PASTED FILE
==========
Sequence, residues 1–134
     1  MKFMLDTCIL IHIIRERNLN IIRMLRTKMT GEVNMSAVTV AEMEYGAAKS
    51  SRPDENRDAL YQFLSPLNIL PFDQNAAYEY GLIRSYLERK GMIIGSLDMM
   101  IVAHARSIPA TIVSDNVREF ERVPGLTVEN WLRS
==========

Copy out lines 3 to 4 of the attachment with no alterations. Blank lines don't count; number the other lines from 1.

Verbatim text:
    51  SRPDENRDAL YQFLSPLNIL PFDQNAAYEY GLIRSYLERK GMIIGSLDMM
   101  IVAHARSIPA TIVSDNVREF ERVPGLTVEN WLRS